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For the Good That We Can Do: African Presses, Christian Rhetoric, and White Minority Rule in South Africa, 1899-1924

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Date Issued:
2017
Abstract/Description:
This research examines Christian rhetoric as a source of resistance to white minority rule in South Africa within African newspapers in the first two decades of the twentieth-century. Many of the African editors and writers for these papers were educated by evangelical protestant missionaries that arrived in South Africa during the nineteenth century. Most prior research on these presses has examined the importance of Christianity, but has not taken into account the evolution of its use over the entirety of the period. Without this emphasis on evolving utilization, the current scholarship lacks a complete understanding of African newspapers and their relationships with Christianity, the African population, and white minority rule. This research shows the importance of this evolution in the larger legacy of African resistance to marginalization in twentieth-century South Africa.
Title: For the Good That We Can Do: African Presses, Christian Rhetoric, and White Minority Rule in South Africa, 1899-1924.
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Name(s): Marsh, Ian, Author
Walker, Ezekiel, Committee Chair
Dandrow, Edward, Committee Member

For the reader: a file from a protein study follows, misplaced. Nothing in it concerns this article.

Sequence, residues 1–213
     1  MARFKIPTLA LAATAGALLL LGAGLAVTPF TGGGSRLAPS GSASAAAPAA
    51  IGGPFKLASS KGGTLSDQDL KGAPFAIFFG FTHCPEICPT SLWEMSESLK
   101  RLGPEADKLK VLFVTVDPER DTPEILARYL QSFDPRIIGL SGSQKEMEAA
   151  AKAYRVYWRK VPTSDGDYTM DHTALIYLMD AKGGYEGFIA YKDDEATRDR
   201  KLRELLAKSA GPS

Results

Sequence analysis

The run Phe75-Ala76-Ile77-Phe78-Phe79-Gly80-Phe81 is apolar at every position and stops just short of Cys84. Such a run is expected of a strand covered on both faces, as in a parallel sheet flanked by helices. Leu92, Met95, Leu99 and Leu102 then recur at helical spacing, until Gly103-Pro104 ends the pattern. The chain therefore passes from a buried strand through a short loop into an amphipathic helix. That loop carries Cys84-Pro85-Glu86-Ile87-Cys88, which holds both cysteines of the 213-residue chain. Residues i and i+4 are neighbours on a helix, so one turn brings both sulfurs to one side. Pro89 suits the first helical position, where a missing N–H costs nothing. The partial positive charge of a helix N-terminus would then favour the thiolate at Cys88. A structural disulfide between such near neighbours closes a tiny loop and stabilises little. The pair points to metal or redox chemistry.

Foster, Amy, Committee Member
University of Central Florida, Degree Grantor
Type of Resource: text
Date Issued: 2017
Publisher: University of Central Florida
Language(s): English
Abstract/Description: This research examines Christian rhetoric as a source of resistance to white minority rule in South Africa within African newspapers in the first two decades of the twentieth-century. Many of the African editors and writers for these papers were educated by evangelical protestant missionaries that arrived in South Africa during the nineteenth century. Most prior research on these presses has examined the importance of Christianity, but has not taken into account the evolution of its use over the entirety of the period. Without this emphasis on evolving utilization, the current scholarship lacks a complete understanding of African newspapers and their relationships with Christianity, the African population, and white minority rule. This research shows the importance of this evolution in the larger legacy of African resistance to marginalization in twentieth-century South Africa.
Identifier: CFE0006763 (IID), ucf:51849 (fedora)
Note(s): 2017-08-01
M.A.
Arts and Humanities, History
Masters
This record was generated from author submitted information.
Subject(s): apartheid -- Christianity -- British Imperialism -- missionaries -- race -- resistance -- South Africa -- twentieth-century
Persistent Link to This Record: http://purl.flvc.org/ucf/fd/CFE0006763
Restrictions on Access: public 2017-08-15
Host Institution: UCF

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